When they say "failed", they seem to mean it from a business perspective (some columnists use it in a mean way, even though the quality of the show should matter more to them and their readers than how ratings-successful it was/how happy it made the network--I think in this article's case, they're just pointing out the obvious, not being TV-critic-bitchy about it). I suppose in network-TV-land, if a show doesn't make it to the magic syndication number of 5 seasons (though I dunno if that'd work for Dollhouse, with its shorter seasons), or get amazing ratings for at least its first season or two, or something along those lines (who knows what the criteria is, it could change from columnist to columnist), it's considered a failure by many.

Even length-wise, two seasons is still less of a failure than a whole lot of other shows. It succeeded (in terms of survivability) better than Firefly, Wonderfalls, Drive, that David E. Kelley show with Kathleen Robertson that the network stopped airing after only two episodes back in 2002 (ah, looked it up, it was Girls Club). Different climate and different exec attitudes and whatnot helped it along possibly, maybe giving it an advantage over those other shows, but still, it got two seasons.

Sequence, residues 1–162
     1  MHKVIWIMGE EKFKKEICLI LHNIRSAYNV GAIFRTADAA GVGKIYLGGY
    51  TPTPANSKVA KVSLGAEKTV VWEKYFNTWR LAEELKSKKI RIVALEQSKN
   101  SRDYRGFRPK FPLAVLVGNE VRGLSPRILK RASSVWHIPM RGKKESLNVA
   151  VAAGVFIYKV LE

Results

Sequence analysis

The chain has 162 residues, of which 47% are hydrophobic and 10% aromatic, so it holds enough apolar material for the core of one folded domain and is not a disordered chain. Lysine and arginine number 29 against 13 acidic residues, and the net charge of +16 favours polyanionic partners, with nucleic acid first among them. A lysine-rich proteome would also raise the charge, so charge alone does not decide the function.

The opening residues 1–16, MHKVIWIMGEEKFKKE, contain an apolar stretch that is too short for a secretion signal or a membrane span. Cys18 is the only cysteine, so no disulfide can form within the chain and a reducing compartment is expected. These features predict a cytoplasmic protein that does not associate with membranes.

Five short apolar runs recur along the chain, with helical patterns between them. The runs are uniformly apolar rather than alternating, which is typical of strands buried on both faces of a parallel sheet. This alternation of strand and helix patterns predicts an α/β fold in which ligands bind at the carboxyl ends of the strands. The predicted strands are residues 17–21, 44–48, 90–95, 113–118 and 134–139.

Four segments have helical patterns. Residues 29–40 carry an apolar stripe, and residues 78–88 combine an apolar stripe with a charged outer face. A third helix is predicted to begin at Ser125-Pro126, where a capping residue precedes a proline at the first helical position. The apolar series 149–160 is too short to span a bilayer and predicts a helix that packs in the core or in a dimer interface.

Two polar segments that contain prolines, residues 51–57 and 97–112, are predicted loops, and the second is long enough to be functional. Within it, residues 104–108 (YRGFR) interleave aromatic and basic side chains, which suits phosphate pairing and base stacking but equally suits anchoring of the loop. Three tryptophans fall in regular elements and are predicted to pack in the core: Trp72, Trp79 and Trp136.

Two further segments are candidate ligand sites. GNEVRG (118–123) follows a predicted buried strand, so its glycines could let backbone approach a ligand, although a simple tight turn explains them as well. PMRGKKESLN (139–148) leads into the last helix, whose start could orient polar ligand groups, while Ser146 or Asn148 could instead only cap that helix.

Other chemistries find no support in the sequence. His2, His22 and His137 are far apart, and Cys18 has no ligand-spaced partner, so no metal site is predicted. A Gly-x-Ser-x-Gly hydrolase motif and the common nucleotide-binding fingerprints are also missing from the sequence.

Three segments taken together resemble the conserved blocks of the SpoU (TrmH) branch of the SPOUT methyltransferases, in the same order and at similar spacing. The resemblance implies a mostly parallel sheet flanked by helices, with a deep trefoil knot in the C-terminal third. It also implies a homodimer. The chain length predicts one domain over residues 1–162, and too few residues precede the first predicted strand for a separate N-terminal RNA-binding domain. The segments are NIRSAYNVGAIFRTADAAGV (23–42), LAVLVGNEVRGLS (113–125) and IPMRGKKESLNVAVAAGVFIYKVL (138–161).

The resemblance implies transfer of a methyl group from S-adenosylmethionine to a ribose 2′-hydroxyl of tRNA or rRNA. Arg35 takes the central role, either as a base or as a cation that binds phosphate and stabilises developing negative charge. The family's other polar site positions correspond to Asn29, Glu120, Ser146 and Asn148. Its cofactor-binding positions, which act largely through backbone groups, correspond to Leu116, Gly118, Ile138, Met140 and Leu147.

Heroes will have been canceled after 4 seasons, making it only two seasons older than Dollhouse (sure, the networks might bring it back, but the word is that things aren't looking good). Seasons were longer than Dollhouse's though (except for Heroes' strike-abbreviated second season). Ratings and commercially (tie-in merchandise) it's way more successful than Dollhouse, even in its fourth season, but Dollhouse has a hell of a lot more meat on its bones and will at least come out looking more creatively successful (to those that remember it/had a chance to see it/gave it a shot). Heroes, like a certain other superhero series, for the most part squandered its potential.
I think they mean commercially as well as in the sense of not entirely meeting its potential since they start out saying